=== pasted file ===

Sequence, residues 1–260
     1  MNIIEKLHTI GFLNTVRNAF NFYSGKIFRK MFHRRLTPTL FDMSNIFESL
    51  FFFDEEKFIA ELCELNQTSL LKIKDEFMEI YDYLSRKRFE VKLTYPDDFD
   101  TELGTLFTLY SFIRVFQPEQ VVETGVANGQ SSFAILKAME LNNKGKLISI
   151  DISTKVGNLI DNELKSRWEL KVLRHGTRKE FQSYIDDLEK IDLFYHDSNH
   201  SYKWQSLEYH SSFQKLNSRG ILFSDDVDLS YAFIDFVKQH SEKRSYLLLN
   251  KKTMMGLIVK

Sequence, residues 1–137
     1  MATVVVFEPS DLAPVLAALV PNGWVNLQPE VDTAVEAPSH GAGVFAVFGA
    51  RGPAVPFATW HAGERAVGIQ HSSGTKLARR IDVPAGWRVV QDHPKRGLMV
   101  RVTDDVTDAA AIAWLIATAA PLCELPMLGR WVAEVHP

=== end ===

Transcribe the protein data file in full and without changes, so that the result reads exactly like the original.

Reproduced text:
Sequence, residues 1–260
     1  MNIIEKLHTI GFLNTVRNAF NFYSGKIFRK MFHRRLTPTL FDMSNIFESL
    51  FFFDEEKFIA ELCELNQTSL LKIKDEFMEI YDYLSRKRFE VKLTYPDDFD
   101  TELGTLFTLY SFIRVFQPEQ VVETGVANGQ SSFAILKAME LNNKGKLISI
   151  DISTKVGNLI DNELKSRWEL KVLRHGTRKE FQSYIDDLEK IDLFYHDSNH
   201  SYKWQSLEYH SSFQKLNSRG ILFSDDVDLS YAFIDFVKQH SEKRSYLLLN
   251  KKTMMGLIVK

Sequence, residues 1–137
     1  MATVVVFEPS DLAPVLAALV PNGWVNLQPE VDTAVEAPSH GAGVFAVFGA
    51  RGPAVPFATW HAGERAVGIQ HSSGTKLARR IDVPAGWRVV QDHPKRGLMV
   101  RVTDDVTDAA AIAWLIATAA PLCELPMLGR WVAEVHP